A rare Sumatran tiger was killed in a remote town in Indonesia on Sunday after villagers believed the animal to be a shape-shifting spirit. The killing deals a blow to conservation efforts being made for the already endangered tiger species.
According to a local official, the tiger was sleeping under a house in the North Sumatran village of Hatupangan when villagers attacked and killed it with a spear. The locals reportedly killed the endangered animal because they believed that the creature was a shape-shifting spirit.
The villagers reported the presence of the tiger to rangers, but when the rangers decided not to kill it, they took the matter into their own hands.
“The tiger was sleeping under a resident’s stilt house when the people struck him repeatedly in the abdomen with a spear,” said a local official.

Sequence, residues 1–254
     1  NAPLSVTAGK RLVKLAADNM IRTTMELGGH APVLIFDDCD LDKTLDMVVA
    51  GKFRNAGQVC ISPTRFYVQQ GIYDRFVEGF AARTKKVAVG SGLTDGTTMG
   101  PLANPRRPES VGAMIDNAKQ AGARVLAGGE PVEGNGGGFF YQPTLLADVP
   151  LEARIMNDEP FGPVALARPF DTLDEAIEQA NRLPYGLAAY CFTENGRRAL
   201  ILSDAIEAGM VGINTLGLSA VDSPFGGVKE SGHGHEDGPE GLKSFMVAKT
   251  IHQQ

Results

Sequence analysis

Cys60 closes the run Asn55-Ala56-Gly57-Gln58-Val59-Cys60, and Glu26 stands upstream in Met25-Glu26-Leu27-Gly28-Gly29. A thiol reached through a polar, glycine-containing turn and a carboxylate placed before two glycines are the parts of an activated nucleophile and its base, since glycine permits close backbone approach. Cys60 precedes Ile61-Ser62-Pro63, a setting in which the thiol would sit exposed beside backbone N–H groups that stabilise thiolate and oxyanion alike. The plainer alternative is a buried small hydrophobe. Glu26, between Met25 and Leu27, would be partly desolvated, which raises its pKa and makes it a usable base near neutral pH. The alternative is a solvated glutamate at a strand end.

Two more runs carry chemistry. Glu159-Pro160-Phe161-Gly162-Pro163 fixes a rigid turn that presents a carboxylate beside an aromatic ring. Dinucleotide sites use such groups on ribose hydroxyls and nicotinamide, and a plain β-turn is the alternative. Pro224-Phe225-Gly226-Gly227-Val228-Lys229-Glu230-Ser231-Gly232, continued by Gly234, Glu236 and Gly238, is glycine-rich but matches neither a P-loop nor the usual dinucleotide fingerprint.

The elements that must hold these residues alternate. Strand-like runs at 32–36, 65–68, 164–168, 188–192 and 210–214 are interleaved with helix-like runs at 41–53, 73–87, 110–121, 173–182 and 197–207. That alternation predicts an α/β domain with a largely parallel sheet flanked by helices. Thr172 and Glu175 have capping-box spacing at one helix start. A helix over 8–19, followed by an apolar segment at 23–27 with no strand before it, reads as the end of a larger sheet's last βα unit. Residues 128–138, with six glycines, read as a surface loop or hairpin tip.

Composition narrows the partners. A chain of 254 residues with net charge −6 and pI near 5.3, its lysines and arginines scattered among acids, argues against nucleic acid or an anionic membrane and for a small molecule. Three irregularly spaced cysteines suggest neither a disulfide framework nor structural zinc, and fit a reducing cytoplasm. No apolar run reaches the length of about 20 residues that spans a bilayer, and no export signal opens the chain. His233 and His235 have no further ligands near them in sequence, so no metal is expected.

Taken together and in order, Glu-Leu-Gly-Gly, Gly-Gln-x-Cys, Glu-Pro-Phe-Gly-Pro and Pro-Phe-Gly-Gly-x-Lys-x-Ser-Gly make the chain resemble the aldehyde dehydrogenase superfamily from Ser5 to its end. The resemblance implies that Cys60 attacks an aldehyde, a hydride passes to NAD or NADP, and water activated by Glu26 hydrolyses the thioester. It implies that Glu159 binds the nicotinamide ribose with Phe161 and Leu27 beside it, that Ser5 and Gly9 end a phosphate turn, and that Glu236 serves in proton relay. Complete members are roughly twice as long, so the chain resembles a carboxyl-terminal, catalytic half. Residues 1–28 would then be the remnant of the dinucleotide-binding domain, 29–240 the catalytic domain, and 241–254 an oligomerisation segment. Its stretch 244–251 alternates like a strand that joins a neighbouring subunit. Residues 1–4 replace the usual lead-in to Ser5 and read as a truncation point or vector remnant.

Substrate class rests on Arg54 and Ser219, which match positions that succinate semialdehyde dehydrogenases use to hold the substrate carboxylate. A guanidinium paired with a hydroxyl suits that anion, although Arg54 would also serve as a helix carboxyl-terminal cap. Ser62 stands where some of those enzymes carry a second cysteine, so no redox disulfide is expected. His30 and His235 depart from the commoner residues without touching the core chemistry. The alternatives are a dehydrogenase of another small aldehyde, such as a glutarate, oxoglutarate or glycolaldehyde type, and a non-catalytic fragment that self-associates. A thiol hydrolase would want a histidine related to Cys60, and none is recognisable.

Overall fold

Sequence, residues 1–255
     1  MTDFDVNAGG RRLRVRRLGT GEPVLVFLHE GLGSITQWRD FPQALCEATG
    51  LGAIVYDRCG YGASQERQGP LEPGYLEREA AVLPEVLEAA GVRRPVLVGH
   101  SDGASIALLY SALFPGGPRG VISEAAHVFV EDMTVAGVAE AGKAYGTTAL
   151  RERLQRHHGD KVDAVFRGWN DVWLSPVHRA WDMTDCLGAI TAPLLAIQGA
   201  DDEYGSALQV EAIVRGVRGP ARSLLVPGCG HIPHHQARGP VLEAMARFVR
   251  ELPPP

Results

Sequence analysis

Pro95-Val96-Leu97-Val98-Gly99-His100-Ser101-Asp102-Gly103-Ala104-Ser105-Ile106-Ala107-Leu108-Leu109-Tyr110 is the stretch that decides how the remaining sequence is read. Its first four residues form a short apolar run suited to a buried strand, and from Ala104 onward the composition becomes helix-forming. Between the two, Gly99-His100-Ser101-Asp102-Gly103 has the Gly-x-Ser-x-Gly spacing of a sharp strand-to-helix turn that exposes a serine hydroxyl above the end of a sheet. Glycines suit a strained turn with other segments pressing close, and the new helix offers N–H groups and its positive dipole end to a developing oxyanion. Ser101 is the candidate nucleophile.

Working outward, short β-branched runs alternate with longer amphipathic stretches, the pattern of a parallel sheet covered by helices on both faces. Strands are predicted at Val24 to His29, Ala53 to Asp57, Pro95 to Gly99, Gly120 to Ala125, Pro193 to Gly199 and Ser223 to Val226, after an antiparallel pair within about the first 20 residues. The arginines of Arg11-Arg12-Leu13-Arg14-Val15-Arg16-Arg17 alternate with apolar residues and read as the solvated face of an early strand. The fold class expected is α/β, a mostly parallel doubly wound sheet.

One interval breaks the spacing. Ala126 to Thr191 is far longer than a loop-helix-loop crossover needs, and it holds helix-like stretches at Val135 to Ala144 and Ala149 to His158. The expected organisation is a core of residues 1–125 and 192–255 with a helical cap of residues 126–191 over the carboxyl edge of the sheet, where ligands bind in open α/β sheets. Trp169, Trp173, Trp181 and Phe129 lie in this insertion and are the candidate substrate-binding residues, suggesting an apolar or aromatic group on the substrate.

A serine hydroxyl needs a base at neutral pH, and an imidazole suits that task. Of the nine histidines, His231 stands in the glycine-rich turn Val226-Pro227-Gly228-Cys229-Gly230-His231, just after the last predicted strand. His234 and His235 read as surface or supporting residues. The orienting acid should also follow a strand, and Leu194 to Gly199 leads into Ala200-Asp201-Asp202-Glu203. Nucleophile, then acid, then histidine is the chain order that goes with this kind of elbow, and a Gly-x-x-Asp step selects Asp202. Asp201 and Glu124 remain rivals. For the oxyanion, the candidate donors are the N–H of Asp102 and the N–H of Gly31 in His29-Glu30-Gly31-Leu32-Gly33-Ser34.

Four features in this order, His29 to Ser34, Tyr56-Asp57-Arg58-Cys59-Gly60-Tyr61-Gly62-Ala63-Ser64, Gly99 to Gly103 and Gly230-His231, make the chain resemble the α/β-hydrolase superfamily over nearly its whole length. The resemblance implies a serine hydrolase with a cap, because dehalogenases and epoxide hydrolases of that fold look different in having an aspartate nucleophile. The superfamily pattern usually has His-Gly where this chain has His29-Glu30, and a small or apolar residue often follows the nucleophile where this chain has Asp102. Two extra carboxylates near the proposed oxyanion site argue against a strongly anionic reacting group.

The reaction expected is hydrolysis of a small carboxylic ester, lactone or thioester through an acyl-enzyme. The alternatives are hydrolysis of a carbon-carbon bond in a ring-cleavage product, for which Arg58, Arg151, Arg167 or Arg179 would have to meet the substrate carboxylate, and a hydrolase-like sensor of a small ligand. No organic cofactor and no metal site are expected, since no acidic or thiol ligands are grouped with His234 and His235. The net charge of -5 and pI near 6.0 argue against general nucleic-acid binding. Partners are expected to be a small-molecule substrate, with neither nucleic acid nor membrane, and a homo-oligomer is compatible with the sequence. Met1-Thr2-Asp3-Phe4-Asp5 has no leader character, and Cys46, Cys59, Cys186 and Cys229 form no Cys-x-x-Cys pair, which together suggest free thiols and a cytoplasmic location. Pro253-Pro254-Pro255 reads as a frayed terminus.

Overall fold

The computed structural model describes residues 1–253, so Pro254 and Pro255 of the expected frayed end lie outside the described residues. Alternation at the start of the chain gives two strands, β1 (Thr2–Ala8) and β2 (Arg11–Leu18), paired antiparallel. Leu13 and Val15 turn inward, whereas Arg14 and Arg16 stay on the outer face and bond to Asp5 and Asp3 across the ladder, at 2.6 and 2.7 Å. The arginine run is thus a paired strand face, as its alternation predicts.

However, superstition may not have been the only reason for killing the tiger, as conservation workers had noted that the carcass of the tiger was missing several body parts that have been known to be sold in black markets as traditional medicines.
Images that started to circulate online showed the carcass of the tiger strapped to a wooden plank and hanging from the ceiling of a public hall, with dozens of people crowning below to see it.
Hotmauli Sianturi from the Natural Resources Conservation Agency said that conservationists urged the residents not to harm the animal, as a trap has been set to try to catch the tiger.
“We explained to the villagers that the tiger is an endangered animal but they didn’t like our way of handling this situation,” said Sianturi.
The Sumatran tiger has been declared by the International Union of Conservation of Nature as a critically endangered species, with only an estimated 400-500 individuals remaining in their natural habitat in the jungles of Sumatra.
The tiger, which is the smallest surviving tiger subspecies, is facing the threat of extinction due to habitat loss, human-tiger conflict, and illegal trade.